Principles of music education applied to pronunciation instruction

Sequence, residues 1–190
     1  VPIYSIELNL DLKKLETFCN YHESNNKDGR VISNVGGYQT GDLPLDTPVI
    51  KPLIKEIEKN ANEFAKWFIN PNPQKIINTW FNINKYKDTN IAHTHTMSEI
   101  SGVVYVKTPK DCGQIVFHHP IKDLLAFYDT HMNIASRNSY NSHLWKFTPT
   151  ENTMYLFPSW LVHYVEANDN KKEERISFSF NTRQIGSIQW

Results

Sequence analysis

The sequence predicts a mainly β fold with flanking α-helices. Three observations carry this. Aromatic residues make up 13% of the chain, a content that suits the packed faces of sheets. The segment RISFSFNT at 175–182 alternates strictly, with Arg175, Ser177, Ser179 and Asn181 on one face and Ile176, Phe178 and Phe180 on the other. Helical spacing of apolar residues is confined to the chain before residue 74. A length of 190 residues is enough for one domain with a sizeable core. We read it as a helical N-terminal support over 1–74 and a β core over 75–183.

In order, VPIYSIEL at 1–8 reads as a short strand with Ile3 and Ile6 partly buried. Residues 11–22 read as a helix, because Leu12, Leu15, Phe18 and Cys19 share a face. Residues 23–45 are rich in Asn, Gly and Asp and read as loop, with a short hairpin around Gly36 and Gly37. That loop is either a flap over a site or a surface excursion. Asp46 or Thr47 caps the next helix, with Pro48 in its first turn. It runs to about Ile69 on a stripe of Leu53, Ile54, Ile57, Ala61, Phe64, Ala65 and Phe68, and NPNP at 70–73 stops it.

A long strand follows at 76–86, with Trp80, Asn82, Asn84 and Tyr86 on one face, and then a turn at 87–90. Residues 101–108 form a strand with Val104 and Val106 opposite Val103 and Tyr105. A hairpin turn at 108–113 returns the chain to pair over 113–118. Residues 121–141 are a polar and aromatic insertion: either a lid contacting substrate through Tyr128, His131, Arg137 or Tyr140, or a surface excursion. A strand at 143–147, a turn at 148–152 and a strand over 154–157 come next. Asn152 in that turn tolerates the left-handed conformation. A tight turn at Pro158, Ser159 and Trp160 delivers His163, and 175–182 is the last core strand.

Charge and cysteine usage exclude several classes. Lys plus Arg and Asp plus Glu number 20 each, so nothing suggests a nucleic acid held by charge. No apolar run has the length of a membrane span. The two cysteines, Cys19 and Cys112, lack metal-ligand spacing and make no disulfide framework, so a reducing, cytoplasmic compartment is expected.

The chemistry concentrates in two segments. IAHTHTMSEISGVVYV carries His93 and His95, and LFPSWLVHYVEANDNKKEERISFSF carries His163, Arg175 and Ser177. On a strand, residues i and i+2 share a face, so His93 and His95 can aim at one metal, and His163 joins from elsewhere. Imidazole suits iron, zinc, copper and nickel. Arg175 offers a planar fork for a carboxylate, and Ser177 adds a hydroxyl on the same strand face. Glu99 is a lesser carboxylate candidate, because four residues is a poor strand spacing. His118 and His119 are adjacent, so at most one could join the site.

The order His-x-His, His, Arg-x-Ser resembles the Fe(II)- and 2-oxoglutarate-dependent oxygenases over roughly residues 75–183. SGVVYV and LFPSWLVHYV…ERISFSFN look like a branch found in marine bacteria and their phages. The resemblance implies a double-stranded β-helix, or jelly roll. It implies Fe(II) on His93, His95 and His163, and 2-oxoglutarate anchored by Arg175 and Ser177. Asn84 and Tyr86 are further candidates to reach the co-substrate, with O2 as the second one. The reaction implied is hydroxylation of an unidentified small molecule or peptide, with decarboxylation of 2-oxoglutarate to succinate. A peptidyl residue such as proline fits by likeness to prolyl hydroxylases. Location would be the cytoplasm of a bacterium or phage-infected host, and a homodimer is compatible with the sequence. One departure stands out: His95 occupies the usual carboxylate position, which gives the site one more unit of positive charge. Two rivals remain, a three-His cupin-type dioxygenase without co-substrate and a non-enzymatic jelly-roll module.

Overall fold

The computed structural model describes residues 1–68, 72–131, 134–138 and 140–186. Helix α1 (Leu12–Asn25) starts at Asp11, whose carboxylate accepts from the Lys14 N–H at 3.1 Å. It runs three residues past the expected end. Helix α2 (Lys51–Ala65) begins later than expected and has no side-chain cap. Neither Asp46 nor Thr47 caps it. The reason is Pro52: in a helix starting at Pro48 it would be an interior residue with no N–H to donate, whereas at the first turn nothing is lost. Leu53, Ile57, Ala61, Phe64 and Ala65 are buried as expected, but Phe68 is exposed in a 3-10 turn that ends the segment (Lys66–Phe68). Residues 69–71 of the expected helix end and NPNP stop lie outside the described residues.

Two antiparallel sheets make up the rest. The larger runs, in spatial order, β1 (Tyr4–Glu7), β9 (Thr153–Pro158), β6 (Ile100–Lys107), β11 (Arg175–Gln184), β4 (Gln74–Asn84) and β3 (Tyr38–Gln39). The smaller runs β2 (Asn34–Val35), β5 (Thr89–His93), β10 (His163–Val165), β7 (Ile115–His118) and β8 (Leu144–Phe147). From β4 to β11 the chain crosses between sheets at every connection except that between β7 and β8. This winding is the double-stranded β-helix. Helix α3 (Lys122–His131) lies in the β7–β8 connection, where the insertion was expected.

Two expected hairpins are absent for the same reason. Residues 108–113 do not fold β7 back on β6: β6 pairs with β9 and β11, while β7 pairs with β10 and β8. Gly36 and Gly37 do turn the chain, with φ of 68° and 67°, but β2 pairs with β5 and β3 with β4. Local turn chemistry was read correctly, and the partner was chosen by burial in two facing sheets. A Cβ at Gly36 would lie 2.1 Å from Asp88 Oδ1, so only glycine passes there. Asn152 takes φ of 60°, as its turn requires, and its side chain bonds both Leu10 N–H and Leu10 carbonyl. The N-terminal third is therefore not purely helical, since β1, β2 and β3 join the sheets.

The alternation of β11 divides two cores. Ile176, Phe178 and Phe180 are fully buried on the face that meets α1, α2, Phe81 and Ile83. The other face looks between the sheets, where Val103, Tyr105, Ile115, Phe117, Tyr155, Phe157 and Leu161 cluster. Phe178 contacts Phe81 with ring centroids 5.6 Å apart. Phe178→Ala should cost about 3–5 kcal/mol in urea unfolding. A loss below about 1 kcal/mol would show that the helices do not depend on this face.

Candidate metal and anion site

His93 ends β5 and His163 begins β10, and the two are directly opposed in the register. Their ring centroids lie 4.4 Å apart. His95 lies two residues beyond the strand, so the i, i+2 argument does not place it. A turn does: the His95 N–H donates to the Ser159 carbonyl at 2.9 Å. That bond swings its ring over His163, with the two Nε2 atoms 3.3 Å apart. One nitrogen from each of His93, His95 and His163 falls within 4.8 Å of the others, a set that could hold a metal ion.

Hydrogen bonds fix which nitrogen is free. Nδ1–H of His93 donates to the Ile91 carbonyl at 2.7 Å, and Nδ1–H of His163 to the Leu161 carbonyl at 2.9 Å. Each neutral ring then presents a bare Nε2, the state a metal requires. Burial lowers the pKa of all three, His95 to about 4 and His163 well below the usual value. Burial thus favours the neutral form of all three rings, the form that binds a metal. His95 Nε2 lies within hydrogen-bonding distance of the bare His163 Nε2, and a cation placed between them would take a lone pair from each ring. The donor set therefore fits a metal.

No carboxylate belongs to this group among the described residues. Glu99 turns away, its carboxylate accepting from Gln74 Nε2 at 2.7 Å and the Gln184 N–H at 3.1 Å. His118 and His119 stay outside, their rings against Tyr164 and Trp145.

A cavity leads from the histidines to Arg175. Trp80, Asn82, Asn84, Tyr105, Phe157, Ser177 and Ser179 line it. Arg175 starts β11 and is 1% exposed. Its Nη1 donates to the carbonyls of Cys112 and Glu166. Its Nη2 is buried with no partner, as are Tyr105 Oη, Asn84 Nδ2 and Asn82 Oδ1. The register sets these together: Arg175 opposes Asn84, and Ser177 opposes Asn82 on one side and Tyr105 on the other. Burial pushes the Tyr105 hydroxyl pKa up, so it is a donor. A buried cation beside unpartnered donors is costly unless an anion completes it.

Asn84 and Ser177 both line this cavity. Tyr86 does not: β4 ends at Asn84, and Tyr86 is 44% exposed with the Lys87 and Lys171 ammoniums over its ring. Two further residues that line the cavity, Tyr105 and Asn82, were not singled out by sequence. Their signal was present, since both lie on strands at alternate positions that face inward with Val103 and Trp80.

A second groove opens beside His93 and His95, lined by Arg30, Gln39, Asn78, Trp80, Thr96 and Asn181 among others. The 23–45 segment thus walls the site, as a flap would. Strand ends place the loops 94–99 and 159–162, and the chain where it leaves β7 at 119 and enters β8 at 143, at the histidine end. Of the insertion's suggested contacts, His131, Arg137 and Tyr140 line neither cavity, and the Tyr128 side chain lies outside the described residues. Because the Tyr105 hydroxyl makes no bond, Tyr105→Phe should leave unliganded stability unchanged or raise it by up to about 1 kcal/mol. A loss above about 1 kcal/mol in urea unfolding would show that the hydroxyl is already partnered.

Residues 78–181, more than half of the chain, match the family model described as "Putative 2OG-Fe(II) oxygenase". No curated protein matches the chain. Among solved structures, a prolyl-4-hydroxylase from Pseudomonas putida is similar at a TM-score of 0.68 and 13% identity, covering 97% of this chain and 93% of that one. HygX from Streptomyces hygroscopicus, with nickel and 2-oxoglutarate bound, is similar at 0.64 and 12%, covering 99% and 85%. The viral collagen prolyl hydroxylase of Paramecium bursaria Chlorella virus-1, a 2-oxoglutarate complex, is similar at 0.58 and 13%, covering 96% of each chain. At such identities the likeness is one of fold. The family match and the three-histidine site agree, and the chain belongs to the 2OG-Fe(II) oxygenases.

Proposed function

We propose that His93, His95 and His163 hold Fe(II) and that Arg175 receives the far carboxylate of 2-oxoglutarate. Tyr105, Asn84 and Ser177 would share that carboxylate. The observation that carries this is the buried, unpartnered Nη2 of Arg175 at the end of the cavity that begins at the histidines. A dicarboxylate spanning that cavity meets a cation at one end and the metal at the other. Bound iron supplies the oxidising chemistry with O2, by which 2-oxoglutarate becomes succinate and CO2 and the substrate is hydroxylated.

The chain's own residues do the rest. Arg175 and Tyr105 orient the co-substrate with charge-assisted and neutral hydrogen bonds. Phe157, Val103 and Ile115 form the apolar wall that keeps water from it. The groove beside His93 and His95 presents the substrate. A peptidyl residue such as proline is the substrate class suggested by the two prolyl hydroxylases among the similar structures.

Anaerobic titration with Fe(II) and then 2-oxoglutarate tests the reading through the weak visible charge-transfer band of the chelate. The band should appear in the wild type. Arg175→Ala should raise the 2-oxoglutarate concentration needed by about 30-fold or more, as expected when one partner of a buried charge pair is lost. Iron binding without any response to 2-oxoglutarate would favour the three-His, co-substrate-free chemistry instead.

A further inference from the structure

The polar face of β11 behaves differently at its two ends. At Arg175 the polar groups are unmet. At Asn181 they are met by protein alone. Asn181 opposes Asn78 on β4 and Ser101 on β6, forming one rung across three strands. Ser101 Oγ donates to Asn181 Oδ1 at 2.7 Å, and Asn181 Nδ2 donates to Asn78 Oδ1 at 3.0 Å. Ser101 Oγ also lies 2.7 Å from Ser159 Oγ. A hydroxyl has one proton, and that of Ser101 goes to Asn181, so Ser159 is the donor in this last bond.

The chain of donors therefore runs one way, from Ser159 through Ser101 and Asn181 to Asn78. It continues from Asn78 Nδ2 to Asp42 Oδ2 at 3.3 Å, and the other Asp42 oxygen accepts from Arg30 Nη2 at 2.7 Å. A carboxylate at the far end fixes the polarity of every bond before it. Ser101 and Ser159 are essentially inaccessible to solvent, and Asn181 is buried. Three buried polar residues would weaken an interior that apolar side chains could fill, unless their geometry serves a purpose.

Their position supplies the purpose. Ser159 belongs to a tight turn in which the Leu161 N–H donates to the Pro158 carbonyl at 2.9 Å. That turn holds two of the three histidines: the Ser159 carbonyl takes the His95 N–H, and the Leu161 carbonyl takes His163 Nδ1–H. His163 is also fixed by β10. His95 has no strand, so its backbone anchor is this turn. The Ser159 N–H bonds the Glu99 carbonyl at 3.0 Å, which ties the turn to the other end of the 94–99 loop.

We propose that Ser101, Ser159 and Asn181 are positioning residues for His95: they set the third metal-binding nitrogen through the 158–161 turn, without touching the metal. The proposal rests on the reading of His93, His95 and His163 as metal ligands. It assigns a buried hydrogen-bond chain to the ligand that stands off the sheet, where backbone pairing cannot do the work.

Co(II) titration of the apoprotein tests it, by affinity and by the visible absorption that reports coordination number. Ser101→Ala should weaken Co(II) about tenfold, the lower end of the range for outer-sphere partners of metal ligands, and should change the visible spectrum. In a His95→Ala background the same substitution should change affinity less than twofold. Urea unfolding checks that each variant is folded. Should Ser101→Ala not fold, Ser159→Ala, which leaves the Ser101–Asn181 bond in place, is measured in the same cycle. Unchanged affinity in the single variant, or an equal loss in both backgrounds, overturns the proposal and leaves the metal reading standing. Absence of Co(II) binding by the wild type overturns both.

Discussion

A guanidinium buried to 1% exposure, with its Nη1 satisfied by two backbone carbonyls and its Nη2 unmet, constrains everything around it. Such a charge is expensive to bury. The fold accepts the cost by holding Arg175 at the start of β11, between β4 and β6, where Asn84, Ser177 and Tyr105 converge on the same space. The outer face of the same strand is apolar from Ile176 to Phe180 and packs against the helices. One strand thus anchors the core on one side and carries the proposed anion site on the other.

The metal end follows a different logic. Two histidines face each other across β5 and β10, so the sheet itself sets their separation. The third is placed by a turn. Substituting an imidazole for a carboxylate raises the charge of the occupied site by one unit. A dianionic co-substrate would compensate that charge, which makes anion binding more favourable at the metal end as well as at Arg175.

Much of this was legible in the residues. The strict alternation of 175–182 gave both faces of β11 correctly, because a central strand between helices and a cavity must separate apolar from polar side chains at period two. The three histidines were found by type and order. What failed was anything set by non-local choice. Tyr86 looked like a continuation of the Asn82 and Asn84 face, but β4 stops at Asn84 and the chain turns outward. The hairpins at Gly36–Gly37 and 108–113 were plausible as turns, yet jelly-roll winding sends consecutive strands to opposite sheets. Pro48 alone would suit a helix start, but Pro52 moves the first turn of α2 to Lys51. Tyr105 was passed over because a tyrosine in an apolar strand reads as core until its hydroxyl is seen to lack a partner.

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Music education and pronunciation teaching within second language education would seem to be two entirely separate fields. Yet, there are undeniable links between learning to play an instrument, such as the violin, and learning to speak in a second language. This Report attempts to bridge the divide between both disciplines by highlighting the similarities between musical features and pronunciation features, and by applying principles for practicing music to pronunciation practice. It is hoped that this comparison will motivate second language learners to practice pronunciation and increase the quality of their home practice, which has been found to play an important role in determining the degree of students’ pronunciation improvement (Sardegna, 2011). This Report begins with a review of pronunciation teaching trends and how they have shaped pronunciation teaching today. It then provides an overview of three important pronunciation learning models, followed by a discussion of a principled approach to teaching pronunciation. This principled approach may help bridge the gap between theory and classroom practice. Then, grounded on evidence suggesting strong links between teaching pronunciation and teaching violin, the Report concludes with a rationale for applying the proposed principles to a musical teaching context and suggests adopting a musical approach to practice in order to effect change in students’ English pronunciation.